Critical Care

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Critical Care

Critical care nursing is that specialty within nursing that deals specifically with human responses to life-threatening problems. A critical care nurse is a licensed professional nurse who is responsible for ensuring that acutely and critically ill patients and their families receive optimal care.

The critically ill patient

Critically ill patients are defined as those patients who are at high risk for actual or potential life-threatening health problems. The more critically ill the patient is, the more likely he or she is to be highly vulnerable, unstable and complex, thereby requiring intense and vigilant nursing care.

History of critical care nursing

Although there have always been very ill and severely injured patients, the concept of critical care is relatively modern. As advances have been made in medicine and technology, patient care has become more complex.

To provide appropriate care, nurses needed specialized knowledge and skills, and the care delivery mechanisms needed to evolve to support the patients' needs for continuous monitoring and treatment. The first intensive care units emerged in the

1950s to provide care to very ill patients who needed one-to-one care from a nurse.

From this environment the specialty of critical care nursing emerged.

Where critical care nurses work

According to "The Registered Nurse Population" study, 56.2% of all nurses work in a hospital setting, and critical care nurses work wherever critically ill patients are found

— intensive care units, pediatric ICUs, neonatal ICUs, cardiac care units, cardiac catheter labs, telemetry units, progressive care units, emergency departments and recovery rooms. Increasingly, critical care nurses work in home healthcare, managed care organizations, nursing schools, outpatient surgery centers and clinics.

What critical care nurses do

Critical care nurses practice in settings where patients require complex assessment, high-intensity therapies and interventions, and continuous nursing vigilance. Critical care nurses rely upon a specialized body of knowledge, skills and experience to provide care to patients and families and create environments that are healing, humane and caring. Foremost, the critical care nurse is a patient advocate.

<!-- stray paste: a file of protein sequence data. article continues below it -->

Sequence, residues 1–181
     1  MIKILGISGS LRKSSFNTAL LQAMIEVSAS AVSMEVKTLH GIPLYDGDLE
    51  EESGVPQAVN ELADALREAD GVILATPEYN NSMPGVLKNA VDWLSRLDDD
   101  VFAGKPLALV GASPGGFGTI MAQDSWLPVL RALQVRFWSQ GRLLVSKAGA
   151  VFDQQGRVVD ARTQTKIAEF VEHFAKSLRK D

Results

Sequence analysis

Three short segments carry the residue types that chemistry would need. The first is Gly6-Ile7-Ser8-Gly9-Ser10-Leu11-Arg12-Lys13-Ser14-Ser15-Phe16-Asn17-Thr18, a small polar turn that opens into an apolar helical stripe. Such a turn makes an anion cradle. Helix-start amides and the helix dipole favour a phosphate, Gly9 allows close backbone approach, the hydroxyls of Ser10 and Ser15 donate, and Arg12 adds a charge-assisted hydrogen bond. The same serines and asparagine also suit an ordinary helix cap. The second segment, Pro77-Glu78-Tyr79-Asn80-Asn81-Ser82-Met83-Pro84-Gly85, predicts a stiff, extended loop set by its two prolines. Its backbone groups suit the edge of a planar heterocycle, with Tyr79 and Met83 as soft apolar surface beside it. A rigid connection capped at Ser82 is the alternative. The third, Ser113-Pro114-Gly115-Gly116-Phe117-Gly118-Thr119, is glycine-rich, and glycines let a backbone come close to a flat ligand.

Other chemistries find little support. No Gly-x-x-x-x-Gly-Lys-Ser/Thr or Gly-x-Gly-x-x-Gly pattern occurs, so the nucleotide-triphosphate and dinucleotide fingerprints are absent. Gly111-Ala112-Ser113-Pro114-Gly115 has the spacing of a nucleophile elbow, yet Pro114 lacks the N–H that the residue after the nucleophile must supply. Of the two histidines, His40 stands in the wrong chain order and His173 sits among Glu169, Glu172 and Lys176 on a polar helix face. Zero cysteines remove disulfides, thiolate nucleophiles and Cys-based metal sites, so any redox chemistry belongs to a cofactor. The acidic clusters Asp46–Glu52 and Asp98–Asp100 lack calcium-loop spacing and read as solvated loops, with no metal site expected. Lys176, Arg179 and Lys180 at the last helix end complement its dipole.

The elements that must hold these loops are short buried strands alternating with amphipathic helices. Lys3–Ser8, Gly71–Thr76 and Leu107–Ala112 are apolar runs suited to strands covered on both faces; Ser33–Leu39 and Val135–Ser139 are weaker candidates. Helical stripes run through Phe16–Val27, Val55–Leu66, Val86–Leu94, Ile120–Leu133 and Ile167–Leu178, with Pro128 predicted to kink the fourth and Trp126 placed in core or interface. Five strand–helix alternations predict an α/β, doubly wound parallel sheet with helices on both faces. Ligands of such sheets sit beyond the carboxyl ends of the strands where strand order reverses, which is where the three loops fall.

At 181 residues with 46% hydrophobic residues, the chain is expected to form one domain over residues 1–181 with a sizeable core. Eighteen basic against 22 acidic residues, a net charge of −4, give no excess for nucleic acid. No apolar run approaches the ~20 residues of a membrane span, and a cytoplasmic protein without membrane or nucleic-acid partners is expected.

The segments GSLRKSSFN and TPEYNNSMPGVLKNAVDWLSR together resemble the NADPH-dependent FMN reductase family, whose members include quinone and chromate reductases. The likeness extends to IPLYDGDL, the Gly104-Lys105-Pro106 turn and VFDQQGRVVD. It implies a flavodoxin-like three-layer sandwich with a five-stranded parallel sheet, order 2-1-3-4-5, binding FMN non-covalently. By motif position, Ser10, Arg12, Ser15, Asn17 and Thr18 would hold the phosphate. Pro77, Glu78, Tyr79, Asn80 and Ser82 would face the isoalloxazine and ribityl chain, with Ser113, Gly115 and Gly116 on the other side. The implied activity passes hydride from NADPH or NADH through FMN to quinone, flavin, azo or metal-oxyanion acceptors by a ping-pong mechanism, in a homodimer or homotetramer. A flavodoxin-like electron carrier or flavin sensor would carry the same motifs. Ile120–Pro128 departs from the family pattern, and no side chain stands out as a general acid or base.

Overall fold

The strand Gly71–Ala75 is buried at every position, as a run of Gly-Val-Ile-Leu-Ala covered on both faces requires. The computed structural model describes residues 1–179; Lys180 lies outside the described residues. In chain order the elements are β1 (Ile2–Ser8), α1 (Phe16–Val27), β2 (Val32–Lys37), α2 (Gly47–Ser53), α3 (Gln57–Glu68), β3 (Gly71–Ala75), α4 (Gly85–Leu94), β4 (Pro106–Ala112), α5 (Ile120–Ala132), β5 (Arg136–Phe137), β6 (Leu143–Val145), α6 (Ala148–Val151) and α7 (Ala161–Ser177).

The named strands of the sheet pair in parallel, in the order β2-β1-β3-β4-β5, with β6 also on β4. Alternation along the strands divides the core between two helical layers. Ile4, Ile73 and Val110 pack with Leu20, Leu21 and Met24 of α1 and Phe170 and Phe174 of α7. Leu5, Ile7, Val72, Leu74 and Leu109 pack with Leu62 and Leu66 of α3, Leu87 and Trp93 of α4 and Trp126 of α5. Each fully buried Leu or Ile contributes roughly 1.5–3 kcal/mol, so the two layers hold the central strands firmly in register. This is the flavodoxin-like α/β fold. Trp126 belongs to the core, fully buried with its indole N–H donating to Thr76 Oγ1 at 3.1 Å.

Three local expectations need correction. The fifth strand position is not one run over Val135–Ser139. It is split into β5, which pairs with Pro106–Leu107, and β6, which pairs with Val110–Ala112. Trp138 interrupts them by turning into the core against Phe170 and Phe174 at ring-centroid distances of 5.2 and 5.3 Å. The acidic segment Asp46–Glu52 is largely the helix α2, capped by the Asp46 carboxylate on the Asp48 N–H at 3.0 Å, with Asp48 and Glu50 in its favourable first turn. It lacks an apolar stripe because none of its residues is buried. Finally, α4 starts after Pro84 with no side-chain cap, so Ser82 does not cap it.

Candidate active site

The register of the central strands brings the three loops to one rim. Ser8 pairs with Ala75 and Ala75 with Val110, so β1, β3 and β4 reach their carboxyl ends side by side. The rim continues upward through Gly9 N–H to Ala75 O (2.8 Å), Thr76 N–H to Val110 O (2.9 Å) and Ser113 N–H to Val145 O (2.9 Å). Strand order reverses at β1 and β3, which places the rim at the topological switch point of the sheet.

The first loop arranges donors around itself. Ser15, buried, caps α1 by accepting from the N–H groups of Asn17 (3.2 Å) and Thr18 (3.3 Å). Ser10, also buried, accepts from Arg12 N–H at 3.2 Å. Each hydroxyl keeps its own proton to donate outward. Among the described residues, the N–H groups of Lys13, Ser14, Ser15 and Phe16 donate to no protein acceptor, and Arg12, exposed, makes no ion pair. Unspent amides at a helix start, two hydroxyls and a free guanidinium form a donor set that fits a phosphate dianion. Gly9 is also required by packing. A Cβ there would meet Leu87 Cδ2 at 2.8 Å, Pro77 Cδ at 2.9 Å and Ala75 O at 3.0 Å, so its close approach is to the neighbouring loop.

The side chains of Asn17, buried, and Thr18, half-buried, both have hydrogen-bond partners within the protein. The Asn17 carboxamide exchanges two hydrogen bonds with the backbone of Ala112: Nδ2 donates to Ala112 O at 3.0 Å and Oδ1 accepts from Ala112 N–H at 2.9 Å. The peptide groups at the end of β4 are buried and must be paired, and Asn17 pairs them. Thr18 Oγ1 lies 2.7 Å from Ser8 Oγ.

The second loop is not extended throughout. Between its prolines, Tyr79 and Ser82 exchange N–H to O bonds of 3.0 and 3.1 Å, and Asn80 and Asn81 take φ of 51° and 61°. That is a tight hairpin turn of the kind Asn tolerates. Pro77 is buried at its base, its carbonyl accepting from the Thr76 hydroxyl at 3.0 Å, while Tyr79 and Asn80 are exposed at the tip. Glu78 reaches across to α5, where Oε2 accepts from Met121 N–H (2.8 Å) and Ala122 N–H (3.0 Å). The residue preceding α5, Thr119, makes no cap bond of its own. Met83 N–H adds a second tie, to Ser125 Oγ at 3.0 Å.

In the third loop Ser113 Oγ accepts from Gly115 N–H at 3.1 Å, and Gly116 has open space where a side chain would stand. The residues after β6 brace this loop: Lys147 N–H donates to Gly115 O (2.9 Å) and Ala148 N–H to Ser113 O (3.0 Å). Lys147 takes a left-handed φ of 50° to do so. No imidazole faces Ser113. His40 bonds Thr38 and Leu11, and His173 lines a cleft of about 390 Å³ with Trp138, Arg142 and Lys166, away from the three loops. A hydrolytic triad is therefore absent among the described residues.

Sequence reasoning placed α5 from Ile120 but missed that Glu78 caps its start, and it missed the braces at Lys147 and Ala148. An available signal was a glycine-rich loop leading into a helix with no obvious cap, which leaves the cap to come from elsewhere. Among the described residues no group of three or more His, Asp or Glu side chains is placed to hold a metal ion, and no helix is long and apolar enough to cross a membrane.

AACN defines advocacy as respecting and supporting the basic values, rights and beliefs of the critically ill patient. In this role, critical care nurses:

Respect and support the right of the patient or the patient's designated surrogate to autonomous informed decision making.

Intervene when the best interest of the patient is in question.

Help the patient obtain necessary care.

Respect the values, beliefs and rights of the patient.

Provide education and support to help the patient or the patient's designated surrogate make decisions.

Represent the patient in accordance with the patient's choices.

Support the decisions of the patient or designated surrogate, or transfer care to an equally qualified critical care nurse.

Intercede for patients who cannot speak for themselves in situations that require immediate action.

Monitor and safeguard the quality of care the patient receives.

Act as a liaison between the patient, the patient's family and other healthcare professionals.

The roles of critical care nurses

Critical care nurses work in a wide variety of settings, filling many roles including bedside clinicians, nurse educators, nurse researchers, nurse managers, clinical nurse specialists and nurse practitioners. With the onset of managed care and the resulting migration of patients to alternative settings, critical care nurses are caring for patients who are more ill than ever before. Managed care has also fueled a growing demand for advanced practice nurses in the acute care setting.

Advanced practice nurses are those who have received advanced education at the master's or doctoral level. In the critical care setting, they are most frequently clinical nurse specialists (CNS) or acute care nurse practitioners (ACNP).

A CNS is an expert clinician in a particular specialty — critical care in this case. The

CNS is responsible for the identification, intervention and management of clinical problems to improve care for patients and families. They provide direct patient care, including assessing, diagnosing, planning and prescribing pharmacological and nonpharmacological treatment of health problems.

ACNPs in the critical care setting focus on making clinical decisions related to complex patient care. Their activities include risk appraisal, interpretation of diagnostic tests and providing treatment, which may include prescribing medication.

Level of education for critical care nurses

To become a registered nurse (RN), an individual must earn a diploma in nursing, an associate's degree in nursing (ADN) or a bachelor's degree in nursing (BSN) and pass a national licensing exam. Requirements vary as dictated by each state's Board of

Nursing. Many nursing schools offer students exposure to critical care, but most of a critical care nurse's specialty education and orientation is provided by the employer.

Advanced practice nurses must earn a degree at the master's or doctoral level.

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